Tuesday, November 24, 2009

Neighbor Lady.

When I was a boy I would look through my bedroom window and stare at the neighbor lady standing in her kitchen. Never questioned where she was from. Never wondered what she was like as a young girl. Didn't care that she was a waitress. Single mom with two kids. Didn't care that she let her daughters watch R rated movies. I watched those movies too. This lady had eyes that made me sad. That's all that I knew. So I'd stare. R rated movies or not.

Sometimes I would laugh at the way she pressed buttons on a microwave. I don't know why. I wasn't making fun of her. Her long fingers dancing across those buttons just made me laugh. The kind of fingers that could scratch your back real good, you know? But, when she'd take those fingers, brush her hair out of her eyes, and look outside to find the moon, I'd stop laughing real quick. She wasn't a joke to be laughed at. And I'd never want her to think that. Her sad eyes might hear my voice, misunderstand, and think me cruel. I wasn't cruel. I was just a boy.

This neighbor lady made me think of the time I caught my mom climbing a tree. I was afraid she might fall and hurt herself.

Thursday, November 12, 2009

Two Feet.

I have kissed the mouth of a 35 mm queen.
Beneath the light of the silvery screen, we kissed like lovers of honey and light.
She played her reels for me, as we danced along the beach.
We talked about what we wanted to be when we grew feet.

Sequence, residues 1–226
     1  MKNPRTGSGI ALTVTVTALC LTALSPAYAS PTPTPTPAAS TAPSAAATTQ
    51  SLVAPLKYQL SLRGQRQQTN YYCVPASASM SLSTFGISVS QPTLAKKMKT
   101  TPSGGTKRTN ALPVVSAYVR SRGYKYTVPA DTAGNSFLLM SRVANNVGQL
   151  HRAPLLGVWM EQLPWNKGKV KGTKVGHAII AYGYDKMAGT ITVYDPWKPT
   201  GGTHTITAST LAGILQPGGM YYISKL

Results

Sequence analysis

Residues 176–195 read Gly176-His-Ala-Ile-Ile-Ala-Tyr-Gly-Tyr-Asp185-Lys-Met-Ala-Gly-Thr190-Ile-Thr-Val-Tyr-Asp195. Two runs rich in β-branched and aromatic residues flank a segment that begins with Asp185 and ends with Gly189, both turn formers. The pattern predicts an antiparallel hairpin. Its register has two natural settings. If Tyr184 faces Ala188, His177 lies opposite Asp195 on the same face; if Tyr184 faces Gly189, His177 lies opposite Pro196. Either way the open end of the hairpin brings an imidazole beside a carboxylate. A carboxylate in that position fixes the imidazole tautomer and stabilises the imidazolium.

I said, "I don't ever want to grow feet. I want to grow teeth"
She said, "That story has been told. You must be asleep. Wake up. All must grow feet."
I said, "Sweetheart, I don't sleep at the movies. You must be mistaken."
She said, "No, it was you, I remember the fire when the clowns came on stage."
Puzzled, I scratched at my head for answer. No recollection of the night in question.

Two clowns came to my house, asked me for some water.
I invited them in. They said the queen was their daughter.
I knew what they meant. They made words sound sweet.
So, I stood up and walked like a bear on two feet.

Wednesday, November 4, 2009

Cultural Imperialism.

From Milos Stehnlik at Facets:

"Over-simplified characters and cartoonish plot-resolution lead to an eye-for-an-eye philosophy where conflict is resolved by the gratuitous use of excessive force. In the tried and true good-guy versus bad-guy morality tales of American Westerns, good and evil may have been overt, but they were governed by a code of honor: may the guy with the surest aim and the fastest trigger win. Today, this code has been put on steroids. Conflict resolution plays out with entire buildings, planes, boats, cities or planets destroyed in battles to the death between good and evil characters.
Sweetheart deals gave Hollywood special access to European markets after World War II. Exporting American films overseas was part of the Marshall Plan that reconstructed post-war Europe. American films were viewed as a way to oppose Communism by promoting the “American way of life.” U.S. films were dumped at cut-rate prices onto war-torn Europe, whose film industries were in ruins, under the guise of promoting the “free market.”

This scheme gave American films world-wide dominance. Today, entertainment is America’s largest export, with sales higher than any other industry, accounting for over 60 billion dollars annually. English-language films account for about 65% of the worldwide box office gross."

And just think: Its ONLY entertainment folks, right? Hooray for Hollywood? I think its time we the artists and the audience raise our voice in challenge to a system that is corrupt at its core. Too long has this medium of cinema been misused and abused. And yet we continue to pay for the spreading of this cultural imperialism with our ticket stubs, and our popcorn, and our soda. We have been blinded by the light of the silvery screen.